Interestingly, the majority report also cites approvingly the Supreme Court decision in Employment Division v. Smith. I say "interestingly" because that decision was authored by none other than the late Justice Antonin Scalia who is set to receive the John Paul II New Evangelization Award posthumously from the Catholic Information Center, a conservative outlet here in Washington, D.C. If anything shows the partisanship of the religious liberty issue, there it is: A radical leftie on the USCCR cites the conservative hero's jurisprudence on the very heart of the matter, and both sides behave as if nothing remarkable is going on. The rest of us have difficulty avoiding the conclusion that the whole U.S. Department of Health and Human Services (HHS) mandate brouhaha was a last ditch attack on the Affordable Care Act, driven by the bishops' general animus to President Obama or the late Cardinal Francis George's specific animus against the president, either one, combined with the fact that the bishops increasingly listened only to conservative political and legal voices.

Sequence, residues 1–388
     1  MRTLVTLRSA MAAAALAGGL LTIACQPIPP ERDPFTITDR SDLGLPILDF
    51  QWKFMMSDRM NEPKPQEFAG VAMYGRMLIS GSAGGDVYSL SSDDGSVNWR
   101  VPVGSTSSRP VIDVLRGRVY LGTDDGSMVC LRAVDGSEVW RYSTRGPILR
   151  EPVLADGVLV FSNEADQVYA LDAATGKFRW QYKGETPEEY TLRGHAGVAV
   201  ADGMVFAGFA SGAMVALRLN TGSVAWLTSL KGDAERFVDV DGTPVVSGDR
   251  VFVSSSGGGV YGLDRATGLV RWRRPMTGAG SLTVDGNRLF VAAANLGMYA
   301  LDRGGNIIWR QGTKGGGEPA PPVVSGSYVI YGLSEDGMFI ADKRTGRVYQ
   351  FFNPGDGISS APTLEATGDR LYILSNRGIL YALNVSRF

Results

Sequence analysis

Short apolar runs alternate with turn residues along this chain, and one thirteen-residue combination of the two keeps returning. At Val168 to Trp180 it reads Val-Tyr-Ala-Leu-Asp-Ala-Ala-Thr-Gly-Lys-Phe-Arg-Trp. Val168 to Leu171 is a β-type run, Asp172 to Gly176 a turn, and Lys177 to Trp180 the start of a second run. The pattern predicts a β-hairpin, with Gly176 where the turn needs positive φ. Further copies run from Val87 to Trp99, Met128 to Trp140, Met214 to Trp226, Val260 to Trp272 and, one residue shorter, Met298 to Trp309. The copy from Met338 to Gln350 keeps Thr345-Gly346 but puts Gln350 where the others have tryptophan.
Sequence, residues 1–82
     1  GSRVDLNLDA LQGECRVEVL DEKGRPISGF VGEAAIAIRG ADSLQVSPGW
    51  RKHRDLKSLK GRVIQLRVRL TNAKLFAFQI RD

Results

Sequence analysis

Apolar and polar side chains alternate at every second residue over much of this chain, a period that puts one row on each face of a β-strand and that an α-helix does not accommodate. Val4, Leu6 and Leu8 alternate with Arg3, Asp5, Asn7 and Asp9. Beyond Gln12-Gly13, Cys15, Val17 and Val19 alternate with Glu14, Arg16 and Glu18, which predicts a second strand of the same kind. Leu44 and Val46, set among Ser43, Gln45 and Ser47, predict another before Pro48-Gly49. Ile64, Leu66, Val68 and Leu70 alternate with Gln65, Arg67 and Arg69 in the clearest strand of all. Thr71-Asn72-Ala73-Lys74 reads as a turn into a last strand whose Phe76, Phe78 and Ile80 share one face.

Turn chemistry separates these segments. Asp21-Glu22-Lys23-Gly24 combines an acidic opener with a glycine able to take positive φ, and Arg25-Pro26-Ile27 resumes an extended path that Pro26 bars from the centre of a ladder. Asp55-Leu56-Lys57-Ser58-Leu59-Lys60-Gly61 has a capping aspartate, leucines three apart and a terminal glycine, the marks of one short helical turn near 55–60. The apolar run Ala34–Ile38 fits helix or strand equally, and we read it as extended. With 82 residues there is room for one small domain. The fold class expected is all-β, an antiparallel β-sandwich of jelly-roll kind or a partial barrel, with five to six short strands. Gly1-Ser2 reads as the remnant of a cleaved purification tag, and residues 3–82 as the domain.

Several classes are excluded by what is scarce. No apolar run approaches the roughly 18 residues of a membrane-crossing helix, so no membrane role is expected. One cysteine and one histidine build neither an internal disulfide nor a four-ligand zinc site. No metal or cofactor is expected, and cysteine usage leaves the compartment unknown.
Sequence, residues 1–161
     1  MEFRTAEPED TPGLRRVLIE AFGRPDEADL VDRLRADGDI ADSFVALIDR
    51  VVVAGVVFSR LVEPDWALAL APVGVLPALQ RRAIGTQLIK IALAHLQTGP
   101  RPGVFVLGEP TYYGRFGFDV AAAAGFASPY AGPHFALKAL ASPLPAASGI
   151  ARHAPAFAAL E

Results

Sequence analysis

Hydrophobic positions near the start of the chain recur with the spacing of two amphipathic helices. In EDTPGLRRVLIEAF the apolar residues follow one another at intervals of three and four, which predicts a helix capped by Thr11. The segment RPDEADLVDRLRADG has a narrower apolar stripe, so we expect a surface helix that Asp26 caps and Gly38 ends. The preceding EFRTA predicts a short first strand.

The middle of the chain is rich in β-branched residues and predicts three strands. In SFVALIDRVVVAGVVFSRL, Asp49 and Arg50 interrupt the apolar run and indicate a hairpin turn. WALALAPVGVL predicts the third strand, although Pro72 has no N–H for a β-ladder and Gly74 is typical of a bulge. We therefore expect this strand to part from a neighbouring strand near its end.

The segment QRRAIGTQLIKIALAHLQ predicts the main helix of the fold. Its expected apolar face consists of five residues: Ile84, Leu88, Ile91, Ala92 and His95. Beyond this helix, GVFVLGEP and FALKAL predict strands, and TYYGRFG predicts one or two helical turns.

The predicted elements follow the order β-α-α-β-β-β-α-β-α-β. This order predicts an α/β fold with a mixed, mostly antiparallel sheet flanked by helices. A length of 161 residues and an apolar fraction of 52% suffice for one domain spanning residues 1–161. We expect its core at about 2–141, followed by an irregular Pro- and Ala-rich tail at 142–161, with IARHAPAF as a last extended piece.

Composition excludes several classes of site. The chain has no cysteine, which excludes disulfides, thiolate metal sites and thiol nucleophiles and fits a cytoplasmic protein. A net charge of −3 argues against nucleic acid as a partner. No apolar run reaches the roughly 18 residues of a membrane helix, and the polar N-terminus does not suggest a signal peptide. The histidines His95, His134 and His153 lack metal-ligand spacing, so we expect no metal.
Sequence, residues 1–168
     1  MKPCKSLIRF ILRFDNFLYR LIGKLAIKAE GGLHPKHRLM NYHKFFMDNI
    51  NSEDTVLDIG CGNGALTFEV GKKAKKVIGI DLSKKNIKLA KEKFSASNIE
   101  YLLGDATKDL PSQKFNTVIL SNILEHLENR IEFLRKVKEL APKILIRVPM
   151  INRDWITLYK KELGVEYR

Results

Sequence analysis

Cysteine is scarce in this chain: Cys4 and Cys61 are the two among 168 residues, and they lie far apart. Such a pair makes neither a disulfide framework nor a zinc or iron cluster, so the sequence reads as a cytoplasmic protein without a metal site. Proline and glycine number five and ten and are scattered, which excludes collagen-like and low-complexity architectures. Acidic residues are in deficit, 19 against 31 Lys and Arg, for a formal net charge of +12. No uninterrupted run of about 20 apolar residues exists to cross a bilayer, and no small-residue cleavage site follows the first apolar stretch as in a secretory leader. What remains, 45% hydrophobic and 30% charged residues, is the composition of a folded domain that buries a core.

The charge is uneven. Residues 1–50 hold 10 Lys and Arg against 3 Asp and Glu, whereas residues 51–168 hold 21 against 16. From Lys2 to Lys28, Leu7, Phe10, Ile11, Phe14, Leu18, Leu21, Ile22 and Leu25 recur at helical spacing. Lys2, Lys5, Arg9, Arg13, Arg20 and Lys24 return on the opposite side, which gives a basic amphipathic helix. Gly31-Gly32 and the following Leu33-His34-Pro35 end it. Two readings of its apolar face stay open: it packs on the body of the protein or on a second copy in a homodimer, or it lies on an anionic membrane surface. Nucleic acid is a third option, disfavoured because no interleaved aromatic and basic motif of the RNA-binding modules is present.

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In his response to the USCCR report, Archbishop William Lori, chair of the ad hoc committee on religious liberty at the USCCB, claims that the church only wants the "freedom to serve." What's stopping you? As has been argued here and elsewhere repeatedly, there is really no reason, so far as our church's teaching on cooperation with evil is concerned, for the Catholic church to insist that the accountant at Catholic Charities not get dental insurance for his gay partner. There is also no reason to continue pursuing this silly vendetta against the HHS contraception mandate. And if the archbishop is worried about having gay teachers, he needs to remember that in Hosanna-Tabor v. EEOC, the Supreme Court ruled unanimously that the government had no business telling a church who it can hire or fire for ministerial positions. The Supreme Court, unlike the USCCR, does have jurisdiction and power. Instead of hyperventilating about every perceived threat to religious liberty, why not take a week off, tuck a copy of Hosanna-Tabor under the pillow and relax. Unanimous Supreme Court decisions do not disappear overnight. And remember that groups like the Becket Fund need to hyper​ventilate over every perceived threat to religious liberty because that is how they raise money.